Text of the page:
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15% Chance of Survival Becomes 100% Drive for Cancer Cure

When Jamie Young went to the doctor with a nagging cough about five years ago, the last thing she thought she'd be told was she had lung cancer.

But after receiving that shocking news there was more: Because she had infected lymph nodes on both sides of her lung, she would not be a candidate for surgery.

"Once it crosses over to the opposite side of the tumor, it's characterized as locally advanced and inoperable," she said. "Surgery would not prolong my life any."

Knowing that, Young and her doctors moved forward with an aggressive treatment regimen they hoped would prolong her life. With research telling her there was about a 15 percent survival rate, Young's outlook on life was not good.

"Right after diagnosis I went into a pretty deep depression for about a month, thinking that life was over as I had ever known it and I probably would not live to see my son start school," Young said. "I knew with the prognosis with my stage of disease, it was like 15 percent survival for five years. And so at that point I was really scared about that."

Young stayed depressed for about a month before she decided she would be among the 15 percent who do survive. To do that, the former middle school band director knew she needed to get involved in things that would help her look toward the future.

At the same time, she wanted to be involved in something that would allow her to give back to the communities that she felt had helped her:the music community and the cancer treatment community.

Therein was born Playing for a Cure.

Finding a cure through music

Playing for a Cure is a middle school and high school band competition. Students can choose to participate in the full band, solo or ensemble categories. The money that is raised from the event goes directly to the LUNGevity Foundation in Chicago, an organization dedicated to funding lung cancer research and providing support to the lung cancer community.

This is the third year for the band competition, which will be held March 8. Young said she doesn't yet know where the competition will be held, though it probably will be at White Station Middle School.

Playing for a Cure raised $8,000 last year. The money was raised through entry fees and sponsorships through advertisements in the program. And 125 percent of that went to the LUNGevity Foundation.

It's 125 percent because organizations such as the American Cancer Society match a certain percentage of what is raised by Playing for a Cure.

Because of word spreading about the competition, Young said she is hoping to have more bands participate in March, increasing the amount of money that will be donated to the foundation.

Using a band competition to raise money for cancer research makes sense because music is close to Young. She was a band director at Wooddale Middle School and was coming up on her 10th year of being a band instructor when she was diagnosed with lung cancer. She currently works as a part-time band director at Bellevue Baptist Church.

Shining a spotlight

For area band students, Playing for a Cure is an opportunity to show off their talents and try to win prize money. But it's also a way for all those involved to contribute to an organization that funds lung cancer research.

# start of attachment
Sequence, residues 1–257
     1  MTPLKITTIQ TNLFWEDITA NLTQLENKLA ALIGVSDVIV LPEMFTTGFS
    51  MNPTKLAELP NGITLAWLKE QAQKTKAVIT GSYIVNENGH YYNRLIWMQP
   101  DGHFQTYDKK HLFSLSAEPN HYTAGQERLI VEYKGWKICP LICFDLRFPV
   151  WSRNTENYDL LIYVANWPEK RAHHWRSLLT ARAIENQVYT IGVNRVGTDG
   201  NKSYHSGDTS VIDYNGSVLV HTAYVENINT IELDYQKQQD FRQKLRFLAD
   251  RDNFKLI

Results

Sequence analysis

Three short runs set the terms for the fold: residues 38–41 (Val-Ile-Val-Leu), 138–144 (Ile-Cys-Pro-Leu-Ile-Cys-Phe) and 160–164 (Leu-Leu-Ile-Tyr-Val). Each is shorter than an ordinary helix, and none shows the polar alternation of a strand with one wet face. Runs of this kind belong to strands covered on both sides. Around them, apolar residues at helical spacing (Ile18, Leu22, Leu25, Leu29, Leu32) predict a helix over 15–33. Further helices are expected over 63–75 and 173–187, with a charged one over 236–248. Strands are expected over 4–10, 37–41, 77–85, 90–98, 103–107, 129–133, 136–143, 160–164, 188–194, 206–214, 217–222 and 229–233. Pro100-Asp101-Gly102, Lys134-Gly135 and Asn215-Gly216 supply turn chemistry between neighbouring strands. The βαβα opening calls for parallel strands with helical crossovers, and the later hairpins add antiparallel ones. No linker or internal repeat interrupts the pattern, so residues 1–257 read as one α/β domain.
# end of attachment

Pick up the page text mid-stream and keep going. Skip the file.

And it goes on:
"It gives the kids another avenue to play their instruments in a band setting," Young said, adding that another one of the highlights is the platform it gives to those afflicted with the disease.

Survivors are invited to speak at the competition. Displays are set up in the school where the event is held with personal stories from people all over the country who've been diagnosed, treated or affected by lung cancer.

"I wanted to be able to recognize survivors and people who are dealing with the disease," Young said, "because there is a stigma that goes along with lung cancer, which is namely (the belief that everyone who gets lung cancer got it from) smoking. A lot of times when people are diagnosed with the disease they may keep it hidden and won't tell anybody that they have it because they're in fear of someone saying, 'Well you brought this on yourself because you were a smoker.'"

Young was diagnosed with adenocarcinoma, which is not the type of cancer typically found in smokers.

Eye on the future

As for Young, she's been cancer-free for the last two years. Two years ago, she began taking a new targeted treatment drug called Tarceva.

Though she now is cancer-free, Playing for a Cure is something Young said she hopes to continue for years to come.

Comparing lung cancer research to the evolution of AIDS, Young pointed out that when AIDS first was discovered, there was a stigma attached to it as well as a lack of substantial funding. But as more knowledge about AIDS has made its way to the public, funding began to pour in and it has led to new treatments.

"And I'm hoping to bring that to lung cancer," she said. "That would happen in the next 10 years or so, so that if my child, which I know he has a predisposition for this now, because his mother has it ...

I want to make sure that if it does happen, which pray it doesn't, but if it does, there are treatments available where he doesn't have to fear for his life."

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